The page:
• Understanding our role and relationship, but just how we begin to build a deeper capacity to leverage what we have, and then build off of the strength of the region, is the basic approach.
  • Our hope is that we’ll be so successful at doing that that we’ll be able to help communities of color all over the country- folks that have a history of organizing like us, that have a history of fighting and standing up for their community- come together and figure out what are their pieces for economic democracy? How do they need to work together? And then how we build- how do we make that impact scale up to the national level so that those most impacted by really exploitative economic development tools and economic policies, and those that are most getting oppressed by it could develop the proactive tools to build the base of an economy that really shifts that and builds economic democracy and self-determination for all of us.
  • In terms of, I think, the relationship that the Bronx has had, and has now, with banking, one thing for us to think about is that the past history- 30, 40 years ago- was redlining, and was the disinvestment in the Bronx, and many communities like it across the country.
  • Now we feel like we’ve found ourselves in a situation where investment and banks are coming- have come back and are investing back into the community and precipitating gentrification and a displacement of existing residents.
  • So how do we begin to think about what’s the role of a responsible bank in changing that pattern? How does the capital come back into the community? How do we make investments that are not just environmentally sustainable and appropriate, but are deeply socially responsible, and are explicitly opposed to exploiting existing folks and opposed to displacing existing residents? And that’s challenging and hard.
  • That seems a critical core question for communities like the Bronx, and for a responsible bankers and banks.
  • You know the banking institution, or banks as an institution, loan funds as institutions, all these financial tools, as institutions, I think are not evil in and of themselves or good in and of themselves.
  • What I do envision is a Bronx where people have the tools to meaningfully and authentically address those challenges as they come up.

Week 3: Rethinking Money and Debt > Rethinking Money and Debt > Re-thinking Money and Debt

  • We talked about capital, and we ended up with a discussion on the disconnect between the financial economy and the real economy, and how that connects to the character of capital.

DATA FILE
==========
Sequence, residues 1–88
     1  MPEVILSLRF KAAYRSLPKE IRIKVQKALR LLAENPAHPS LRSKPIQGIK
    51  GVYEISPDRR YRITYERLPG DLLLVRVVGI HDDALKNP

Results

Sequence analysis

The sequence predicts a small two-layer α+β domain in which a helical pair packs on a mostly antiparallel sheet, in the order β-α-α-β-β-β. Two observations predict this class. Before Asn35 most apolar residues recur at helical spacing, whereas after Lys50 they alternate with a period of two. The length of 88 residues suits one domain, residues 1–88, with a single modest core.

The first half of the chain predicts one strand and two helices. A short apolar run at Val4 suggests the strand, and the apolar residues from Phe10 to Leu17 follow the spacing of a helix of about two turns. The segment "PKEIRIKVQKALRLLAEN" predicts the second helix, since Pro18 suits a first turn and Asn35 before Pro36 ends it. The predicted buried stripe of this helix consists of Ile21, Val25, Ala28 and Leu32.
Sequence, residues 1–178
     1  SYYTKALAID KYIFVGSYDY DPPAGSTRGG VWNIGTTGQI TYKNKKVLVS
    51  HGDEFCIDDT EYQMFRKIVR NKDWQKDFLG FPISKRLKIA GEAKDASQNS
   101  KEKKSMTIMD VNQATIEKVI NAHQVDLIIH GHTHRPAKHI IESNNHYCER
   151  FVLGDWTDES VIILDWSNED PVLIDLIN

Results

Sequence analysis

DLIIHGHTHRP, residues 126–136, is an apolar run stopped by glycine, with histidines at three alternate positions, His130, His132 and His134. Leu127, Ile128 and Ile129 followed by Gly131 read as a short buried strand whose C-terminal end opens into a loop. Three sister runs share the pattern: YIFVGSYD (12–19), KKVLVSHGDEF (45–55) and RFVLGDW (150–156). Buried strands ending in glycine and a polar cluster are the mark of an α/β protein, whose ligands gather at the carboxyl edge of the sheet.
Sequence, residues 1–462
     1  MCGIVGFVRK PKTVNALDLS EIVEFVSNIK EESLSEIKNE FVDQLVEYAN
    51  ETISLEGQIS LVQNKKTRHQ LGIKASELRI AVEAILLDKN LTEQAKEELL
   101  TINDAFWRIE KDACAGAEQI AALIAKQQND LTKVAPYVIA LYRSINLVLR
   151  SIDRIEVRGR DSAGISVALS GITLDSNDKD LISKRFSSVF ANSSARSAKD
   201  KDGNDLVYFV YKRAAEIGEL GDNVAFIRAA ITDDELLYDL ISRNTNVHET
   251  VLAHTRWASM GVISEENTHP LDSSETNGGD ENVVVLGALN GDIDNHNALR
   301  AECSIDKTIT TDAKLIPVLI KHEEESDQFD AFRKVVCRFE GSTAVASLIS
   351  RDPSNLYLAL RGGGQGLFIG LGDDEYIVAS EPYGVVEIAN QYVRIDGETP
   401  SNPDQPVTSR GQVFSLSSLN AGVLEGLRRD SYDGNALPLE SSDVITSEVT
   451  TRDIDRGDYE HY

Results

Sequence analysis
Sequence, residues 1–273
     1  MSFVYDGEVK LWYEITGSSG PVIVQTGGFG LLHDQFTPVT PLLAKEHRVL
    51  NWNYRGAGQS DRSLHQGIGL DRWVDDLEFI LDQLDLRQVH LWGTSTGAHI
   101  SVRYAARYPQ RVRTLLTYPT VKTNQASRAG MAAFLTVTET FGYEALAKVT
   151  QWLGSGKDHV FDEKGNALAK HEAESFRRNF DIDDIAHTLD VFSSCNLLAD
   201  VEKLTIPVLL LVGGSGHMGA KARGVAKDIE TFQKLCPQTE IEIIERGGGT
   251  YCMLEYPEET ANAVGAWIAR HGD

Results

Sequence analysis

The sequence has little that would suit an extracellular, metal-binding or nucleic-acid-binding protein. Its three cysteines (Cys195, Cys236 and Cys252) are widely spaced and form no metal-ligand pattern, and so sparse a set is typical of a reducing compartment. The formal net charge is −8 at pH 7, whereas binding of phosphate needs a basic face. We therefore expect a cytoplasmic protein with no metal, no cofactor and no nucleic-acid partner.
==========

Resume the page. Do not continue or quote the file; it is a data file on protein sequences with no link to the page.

• We will dive more into what is needed to reconnect the financial economy with the real economy in week five.
  • We hope you enjoyed this week, and next week we’ll dive more into how to operate a bank that’s trying to have a positive impact in the world.

Week 3: Rethinking Money and Debt > Lending Dilemma: You Decide > Lending Dilemma: You Decide

  • Within the Triodos Bank, we always focus first on the question: Is what the entrepreneur wants to achieve sustainable? Is it enhancing quality of life? And that’s our first question.
  • Sometimes it’s a dilemma between an entrepreneur that wants to achieve something that is enhancing sustainability, but at the same time it’s not contributing in the same idea that they have for creating their business.
  • They’re quite well known in making leather shoes.
  • So why don’t they use also the fat that they have to scrape off anyway, and reuse it for lowering the carbon footprint? And besides that, they also had a program in which they felt that they could lower also their chemical and water usage for the tanning of the leather.
  • One of the questions that my colleague asked me was, where is this leather coming from? How are the cows treated? And they were quite surprised by that question.
  • Their blunt answer actually was, well, what do you think? Do you want to have a barbed wire mark on your leather shoes because the cows were standing outside and having a stroll outside? No, of course, they said.
  • So hence the question, would we finance this? And this is also the question I would propose to everyone who is a part of this discussion of this dilemma.